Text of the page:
Tagged: Directed Verdict

Another Good Circumstantial Evidence Case

On May 28, 2014, the South Carolina Court of Appeals decided State v. Bennett, holding that the trial judge should have directed a verdict of not guilty because the prosecution failed to present substantial circumstantial evidence that would allow the jurors to infer Bennett’s guilt. The State charged Bennett with burglary of a community center […]

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Who Decides Whether the Jurors Consider the Lesser-Included Offenses: Trial Judge or Defendant?

On March 19, 2014, the South Carolina Court of Appeals decided Abney v. State, holding trial counsel employed a legitimate trial strategy by not requesting the trial court judge instruct the jurors about the lesser-included offense.  The all-or-nothing approach failed, and the jurors convicted Abney of armed robbery without ever having the opportunity to consider […]

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Self-Defense: Directed Verdict Standard vs. Prosecution’s Burden of Proof

On March 12, 2014, the South Carolina Supreme Court decided State v. Butler, which presented the issue of “whether the trial court erred in refusing to apply a standard requiring the state to disprove self-defense beyond a reasonable doubt at the directed verdict stage.”  Our Court denied relief, affirmed the conviction, and explained the difference […]

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Homicide by Child Abuse: Reconciling Recent Court Opinions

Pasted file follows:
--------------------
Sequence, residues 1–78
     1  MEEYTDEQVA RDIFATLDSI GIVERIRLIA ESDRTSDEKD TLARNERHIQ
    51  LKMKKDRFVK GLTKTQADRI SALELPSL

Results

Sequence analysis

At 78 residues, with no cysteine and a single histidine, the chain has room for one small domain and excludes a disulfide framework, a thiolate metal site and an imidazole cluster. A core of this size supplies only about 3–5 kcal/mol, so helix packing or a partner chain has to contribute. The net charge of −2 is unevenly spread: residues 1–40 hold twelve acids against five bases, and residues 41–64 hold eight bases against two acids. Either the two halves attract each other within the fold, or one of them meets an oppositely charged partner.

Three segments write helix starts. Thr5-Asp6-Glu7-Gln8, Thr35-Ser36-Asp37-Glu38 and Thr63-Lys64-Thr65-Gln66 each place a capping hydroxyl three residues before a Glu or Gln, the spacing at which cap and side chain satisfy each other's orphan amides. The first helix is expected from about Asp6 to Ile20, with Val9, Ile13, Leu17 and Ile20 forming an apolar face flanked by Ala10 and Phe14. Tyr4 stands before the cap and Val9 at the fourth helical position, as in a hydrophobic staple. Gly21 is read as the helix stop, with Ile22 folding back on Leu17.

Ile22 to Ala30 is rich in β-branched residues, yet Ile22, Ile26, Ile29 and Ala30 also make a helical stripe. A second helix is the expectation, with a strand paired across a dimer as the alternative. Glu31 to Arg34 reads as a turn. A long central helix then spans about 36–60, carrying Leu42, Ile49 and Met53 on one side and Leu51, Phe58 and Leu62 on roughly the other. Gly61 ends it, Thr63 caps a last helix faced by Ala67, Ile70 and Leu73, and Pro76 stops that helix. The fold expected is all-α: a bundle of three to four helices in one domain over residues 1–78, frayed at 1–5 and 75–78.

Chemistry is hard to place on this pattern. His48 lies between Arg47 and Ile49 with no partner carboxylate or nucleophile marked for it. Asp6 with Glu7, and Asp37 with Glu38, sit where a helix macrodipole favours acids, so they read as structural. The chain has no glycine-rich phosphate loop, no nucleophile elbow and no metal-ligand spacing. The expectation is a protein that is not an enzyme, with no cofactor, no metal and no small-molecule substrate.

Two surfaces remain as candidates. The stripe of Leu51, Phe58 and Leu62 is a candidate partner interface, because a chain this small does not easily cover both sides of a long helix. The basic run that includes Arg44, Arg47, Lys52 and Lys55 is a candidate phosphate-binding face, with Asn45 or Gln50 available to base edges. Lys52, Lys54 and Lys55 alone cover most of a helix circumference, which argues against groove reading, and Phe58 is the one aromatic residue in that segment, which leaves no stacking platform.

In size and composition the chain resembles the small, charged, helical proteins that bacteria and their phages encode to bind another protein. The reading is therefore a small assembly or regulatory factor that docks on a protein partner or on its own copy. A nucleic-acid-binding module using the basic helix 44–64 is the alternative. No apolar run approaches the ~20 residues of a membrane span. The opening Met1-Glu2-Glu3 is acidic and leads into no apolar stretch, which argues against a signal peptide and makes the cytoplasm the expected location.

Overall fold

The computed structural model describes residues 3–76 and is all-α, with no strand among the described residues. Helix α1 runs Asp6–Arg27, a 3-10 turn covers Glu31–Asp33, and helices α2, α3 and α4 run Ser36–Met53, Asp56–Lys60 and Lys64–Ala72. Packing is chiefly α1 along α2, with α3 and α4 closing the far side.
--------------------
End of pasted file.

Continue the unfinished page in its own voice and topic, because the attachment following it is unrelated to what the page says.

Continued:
On December 11, 2013, the South Carolina Supreme Court decided State v. Hepburn, holding “the State did not present substantial circumstantial evidence sufficient to warrant the denial of [Ashley Hepburn’s] mid-trial directed verdict motion.”  The State jointly tired Ms. Hepburn with her codefendant, Brandon Lewis.  Previously, on May 3, 2013, the Court of Appeals had […]

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Supreme Court Watch: 2013 Year in Review

2013 was a major year in criminal law for the South Carolina Supreme Court. Interviews in Child Sexual Abuse Cases – In January 2013, our Supreme Court decided State v. Kromah, hopefully putting to rest prosecution attempts to improperly bolster child witnesses in criminal sexual conduct cases.  Kromah is the most recent of numerous cases […]

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SC Supreme Court Watch: New Circumstantial Evidence Jury Instruction

On August 14, 2013, in State v. Logan, S.C. Supreme Court Opinion Number 27296, our Supreme Court adopted the following circumstantial evidence jury instruction: There are two types of evidence which are generally presented during a trial—direct evidence and circumstantial evidence. Direct evidence directly proves the existence of a fact and does not require deduction. […]

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SC Supreme Court Watch: Circumstantial Evidence Jury Instruction

Traditionally, trial court judges followed State v. Edwards, 298 S.C. 272, 379 S.E.2d 888 (1989) when explaining circumstantial evidence to jurors.  In addition to requiring the State to prove every circumstance beyond a reasonable doubt, Edwards required: [A]ll of the circumstances so proven be consistent with each other and taken together, point conclusively to the […]

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